Mom, why is there a receipt stuffed in the turkey?

Posted on: November 20th, 2007 by Julie Bestry | No Comments

Got no check books, got no banks. Still I’d like to express my thanks – I got the sun in the morning and the moon at night.

~Irving Berlin

Not what we say about our blessings, but how we use them, is the true measure of our thanksgiving.

~W. T. Purkiser

Are you reading this post while waiting for everyone to get ready to go? Perhaps you’re going to fill up the gas tank on the way to Grandma’s for Thanksgiving. Maybe you’re going to the grocery store to get the Butterball turkey or to the mall to start shopping for presents. It’s likely that filing is not foremost on your mind…but please bear with me.

Last week, we covered the first of the five family/personal file categories:

  • Financial
  • Legal
  • Medical
  • Household
  • Personal

Since we’re finishing up financial filing, and as we’re just moments away from Thanksgiving, Black Friday, and the start of the Receipt Season, you may be wondering, “What do I do about receipts?”

So, let’s look at some basic rules to help you figure out what to do with all of those receipts rushing into your life over the next month:

  • Keep cash receipts for things you might return, and for the duration return period only. If you pay for a McDonald’s Happy Meal in cash, toss the receipt — it’s not like you’re going to be returning that baked apple pie you ate yesterday. If you purchase toys or clothing for cash and the store’s return policy is 30 days, discard your receipt after that period.
  • Keep all receipts for big ticket items (set your own benchmark–it could be $50 or $500, depending on your lifestyle) and things you might return, but only until the return period has expired. Recently, the IRS has allowed taxpayers to choose between deducting state taxes and sales tax; if you opt for sales tax, the default amount is usually your best bet, but if you’ve purchased a house, car or boat, you’ll want proof of that big ticket deduction.
  • Keep all receipts for tax-deductible expenses such as charitable donations and medical expenses in your Tax Prep folder until you’ve completed your taxes. (You won’t know until the end of the year whether you’ve accumulated a high enough percentage of your adjusted gross income to deduct most expenses.) Did you know your pharmacy will print a summary of all prescription purchases? Instead of keeping your pharmaceutical receipts indefinitely, just ask your pharmacy to give you a printout at mid-year and again in January for the preceding calendar year. (Of course, if you use a different pharmacy — for example, when you’re on vacation — save those receipts.)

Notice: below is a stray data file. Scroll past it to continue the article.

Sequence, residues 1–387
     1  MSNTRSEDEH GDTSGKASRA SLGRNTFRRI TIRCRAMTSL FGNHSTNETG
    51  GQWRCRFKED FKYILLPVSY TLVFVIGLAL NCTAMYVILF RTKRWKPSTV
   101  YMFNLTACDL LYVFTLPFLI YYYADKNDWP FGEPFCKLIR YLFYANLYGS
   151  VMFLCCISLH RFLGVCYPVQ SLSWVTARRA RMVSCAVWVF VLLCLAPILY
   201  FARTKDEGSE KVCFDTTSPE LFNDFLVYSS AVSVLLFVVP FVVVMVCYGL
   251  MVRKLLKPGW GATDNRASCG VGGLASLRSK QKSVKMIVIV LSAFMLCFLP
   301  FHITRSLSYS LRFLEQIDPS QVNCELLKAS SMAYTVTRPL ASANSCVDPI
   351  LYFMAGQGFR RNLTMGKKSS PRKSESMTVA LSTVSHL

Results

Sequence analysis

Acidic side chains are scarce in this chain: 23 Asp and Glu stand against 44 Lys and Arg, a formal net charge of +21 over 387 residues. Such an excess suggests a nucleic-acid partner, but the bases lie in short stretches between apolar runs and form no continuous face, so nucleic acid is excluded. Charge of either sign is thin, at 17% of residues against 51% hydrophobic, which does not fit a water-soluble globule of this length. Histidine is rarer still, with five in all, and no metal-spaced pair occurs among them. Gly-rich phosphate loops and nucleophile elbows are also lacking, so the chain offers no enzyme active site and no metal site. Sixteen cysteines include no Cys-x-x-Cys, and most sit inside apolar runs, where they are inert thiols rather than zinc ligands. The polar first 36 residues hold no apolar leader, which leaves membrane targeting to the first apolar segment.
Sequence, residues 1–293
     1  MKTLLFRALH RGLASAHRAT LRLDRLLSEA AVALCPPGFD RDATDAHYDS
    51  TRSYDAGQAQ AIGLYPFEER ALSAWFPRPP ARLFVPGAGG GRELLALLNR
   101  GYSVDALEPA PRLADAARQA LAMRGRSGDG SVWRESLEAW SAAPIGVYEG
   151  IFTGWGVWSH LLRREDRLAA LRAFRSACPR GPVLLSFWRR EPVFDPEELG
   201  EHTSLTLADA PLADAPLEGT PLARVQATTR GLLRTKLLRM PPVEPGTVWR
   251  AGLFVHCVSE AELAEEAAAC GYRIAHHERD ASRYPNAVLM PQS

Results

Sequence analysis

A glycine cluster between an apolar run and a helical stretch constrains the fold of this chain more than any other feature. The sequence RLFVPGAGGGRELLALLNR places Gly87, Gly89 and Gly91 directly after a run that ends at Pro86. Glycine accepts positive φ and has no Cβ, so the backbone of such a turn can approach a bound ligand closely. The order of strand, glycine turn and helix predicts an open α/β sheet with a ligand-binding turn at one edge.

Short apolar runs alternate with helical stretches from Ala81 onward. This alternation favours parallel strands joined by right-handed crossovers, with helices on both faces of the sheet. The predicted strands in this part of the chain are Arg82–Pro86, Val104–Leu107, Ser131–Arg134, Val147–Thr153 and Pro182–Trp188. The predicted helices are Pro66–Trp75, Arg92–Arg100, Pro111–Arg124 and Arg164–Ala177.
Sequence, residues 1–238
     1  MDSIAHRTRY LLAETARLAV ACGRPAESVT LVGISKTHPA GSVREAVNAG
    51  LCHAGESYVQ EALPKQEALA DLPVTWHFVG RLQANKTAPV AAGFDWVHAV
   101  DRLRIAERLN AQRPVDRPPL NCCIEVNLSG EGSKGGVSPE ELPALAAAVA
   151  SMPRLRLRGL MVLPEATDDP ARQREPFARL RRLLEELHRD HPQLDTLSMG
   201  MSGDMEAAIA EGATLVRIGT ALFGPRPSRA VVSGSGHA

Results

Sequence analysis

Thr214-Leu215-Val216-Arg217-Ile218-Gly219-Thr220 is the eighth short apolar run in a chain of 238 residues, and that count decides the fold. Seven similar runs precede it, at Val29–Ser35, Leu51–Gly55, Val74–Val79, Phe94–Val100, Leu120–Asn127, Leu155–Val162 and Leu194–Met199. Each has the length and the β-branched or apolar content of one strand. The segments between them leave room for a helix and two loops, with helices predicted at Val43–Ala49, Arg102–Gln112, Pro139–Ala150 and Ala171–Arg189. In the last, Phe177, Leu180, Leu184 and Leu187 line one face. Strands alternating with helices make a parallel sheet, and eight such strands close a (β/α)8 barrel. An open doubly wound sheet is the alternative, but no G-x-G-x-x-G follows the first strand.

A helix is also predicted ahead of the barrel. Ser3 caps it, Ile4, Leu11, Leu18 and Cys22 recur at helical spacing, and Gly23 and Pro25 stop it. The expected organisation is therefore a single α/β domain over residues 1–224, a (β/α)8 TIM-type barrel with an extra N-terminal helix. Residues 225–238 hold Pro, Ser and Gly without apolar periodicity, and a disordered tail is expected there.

• Keep receipts for all items for which you are due reimbursement until you get paid. Most often, this will include purchases submitted on your expense reports at work. Less regularly, you’ll submit receipts to your insurance company for repairs done to your home or auto, or for medical procedures where the doctor’s office won’t file on your behalf. Occasionally, you’ll even have to submit the receipts to someone else’s insurance company if the other party was at fault. Be sure to keep photocopies (or better yet, provide photocopies and keep the originals).
  • Keep credit card receipts and deposit and ATM withdrawal tickets until your credit card or bank statements have arrived. Reconcile the receipts against the statements, and if the receipts don’t fit any other mentioned category, shred them.

Following these general rules should keep you protected in terms of financial, legal (proof of ownership) and most tax issues. However, if in addition to Federal taxes, you also pay state and local taxes, check with a tax professional regarding any state- and municipal-tax reasons to keep other receipts. For example, Minnesota has two programs that allow residents to save on their state taxes for K-12 educational expenses. As we discussed last week, these receipts would go in your FINANCIAL files category, in a Tax Prep folder.

Have fun shopping this Thanksgiving week, whether at the stores or online. I encourage you to purchase clutter-free gifts that don’t have to be stored or dusted.

Whatever you buy, have a system for collecting your receipts until you get home. Check receipts for accuracy before leaving the store and then put them neatly in your wallet, purse or (if you carry neither) an envelope in your pocket. This year, resolve not to have any crumpled receipts in your pockets or the bottoms of your shopping bags.

Happy Thanksgiving, and I’ll see you back here next Tuesday.

Next up: Legal and Medical files

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